Quote from the anatomy one:
" ... anatomy was also a death cult. It invited us to know ourselves through the study and appropriation of the dead. And asked its practitioners to put aside any qualms about dealing with the dead, to enthusiastically mine their cadavers and search for knowledge within them, with the same kind of relish that prospectors searched for gold. Old anatomy halls often bear mottos such as "hic locus est ubi mors gaudet succurrere vitae" ("this is the place where death rejoices in aiding life") and "gnosce te ipsum" ("know thyself"). And the study of bones, the stuff of which we are built, produced the profoundest knowledge of what it is to be human."On that note I've also always loved Nozick's opening on his chapter on 'Dying' in 'The examined life'.
"They say no one is able to take seriously the possibility of his or her own death, but this does not get it exactly right. (Does everyone take seriously the possibility of his or her own life?) A person's death does become real to him after the death of both parents. Until then, there was someone else who was "supposed to" die before him; now that no one stands between him and death, it becomes his "turn." (Is it presumed that death will honor a queue?)"Update: Actually this might be a good time to throw in some artists I've found lately.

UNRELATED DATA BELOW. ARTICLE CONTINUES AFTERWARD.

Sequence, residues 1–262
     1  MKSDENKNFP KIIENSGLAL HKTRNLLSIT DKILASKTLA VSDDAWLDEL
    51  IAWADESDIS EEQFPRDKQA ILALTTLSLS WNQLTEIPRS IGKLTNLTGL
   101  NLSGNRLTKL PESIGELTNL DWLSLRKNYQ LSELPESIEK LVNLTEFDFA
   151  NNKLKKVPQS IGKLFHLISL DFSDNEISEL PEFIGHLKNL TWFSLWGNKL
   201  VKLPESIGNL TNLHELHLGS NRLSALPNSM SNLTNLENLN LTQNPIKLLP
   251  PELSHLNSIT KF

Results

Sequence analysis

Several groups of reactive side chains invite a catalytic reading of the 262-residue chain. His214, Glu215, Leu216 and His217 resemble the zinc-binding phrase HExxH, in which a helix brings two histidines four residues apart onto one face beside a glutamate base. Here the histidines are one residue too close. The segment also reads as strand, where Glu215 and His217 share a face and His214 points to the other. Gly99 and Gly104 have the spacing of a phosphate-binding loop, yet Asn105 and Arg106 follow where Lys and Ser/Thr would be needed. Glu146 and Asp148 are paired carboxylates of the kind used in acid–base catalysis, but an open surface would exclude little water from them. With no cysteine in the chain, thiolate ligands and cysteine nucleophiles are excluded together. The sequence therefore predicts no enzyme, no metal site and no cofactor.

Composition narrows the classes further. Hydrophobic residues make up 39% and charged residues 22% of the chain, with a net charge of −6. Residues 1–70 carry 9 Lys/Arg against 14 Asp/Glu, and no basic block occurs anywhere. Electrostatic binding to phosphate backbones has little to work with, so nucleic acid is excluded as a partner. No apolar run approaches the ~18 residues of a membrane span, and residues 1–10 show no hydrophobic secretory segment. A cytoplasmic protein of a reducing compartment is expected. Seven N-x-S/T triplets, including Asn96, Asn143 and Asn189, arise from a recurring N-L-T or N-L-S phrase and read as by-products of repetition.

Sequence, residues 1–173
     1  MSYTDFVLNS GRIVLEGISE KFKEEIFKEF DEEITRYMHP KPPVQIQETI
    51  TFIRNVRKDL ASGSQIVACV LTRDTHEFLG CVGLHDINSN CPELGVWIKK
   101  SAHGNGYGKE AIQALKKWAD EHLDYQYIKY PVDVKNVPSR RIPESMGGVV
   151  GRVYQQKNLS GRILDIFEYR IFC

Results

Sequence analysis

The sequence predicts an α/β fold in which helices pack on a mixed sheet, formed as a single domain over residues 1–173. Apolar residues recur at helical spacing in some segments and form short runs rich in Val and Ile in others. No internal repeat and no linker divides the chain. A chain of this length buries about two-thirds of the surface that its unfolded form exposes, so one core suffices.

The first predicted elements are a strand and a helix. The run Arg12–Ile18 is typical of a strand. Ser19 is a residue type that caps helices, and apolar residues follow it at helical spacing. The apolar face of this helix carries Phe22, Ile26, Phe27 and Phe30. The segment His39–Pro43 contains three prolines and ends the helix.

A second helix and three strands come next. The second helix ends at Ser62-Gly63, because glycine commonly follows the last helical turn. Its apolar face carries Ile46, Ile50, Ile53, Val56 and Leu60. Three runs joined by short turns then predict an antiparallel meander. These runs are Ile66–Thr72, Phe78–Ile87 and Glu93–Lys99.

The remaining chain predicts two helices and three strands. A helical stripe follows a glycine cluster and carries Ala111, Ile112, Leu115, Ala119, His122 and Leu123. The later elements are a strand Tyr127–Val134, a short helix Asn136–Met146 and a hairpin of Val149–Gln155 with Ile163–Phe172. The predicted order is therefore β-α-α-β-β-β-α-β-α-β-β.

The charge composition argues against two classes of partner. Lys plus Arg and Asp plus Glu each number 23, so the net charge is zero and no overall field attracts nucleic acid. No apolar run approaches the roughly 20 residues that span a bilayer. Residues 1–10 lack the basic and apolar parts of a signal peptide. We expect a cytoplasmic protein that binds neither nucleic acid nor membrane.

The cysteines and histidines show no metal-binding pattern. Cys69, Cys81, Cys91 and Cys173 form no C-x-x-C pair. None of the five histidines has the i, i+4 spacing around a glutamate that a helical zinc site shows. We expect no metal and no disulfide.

The first is Jónas Valtýsson who does surrealist landscapes with death related themes.
The other is Jordan Eagles who creates art with blood.
For anyone interested in anatomy and art go check out the Morbid Anatomy blog.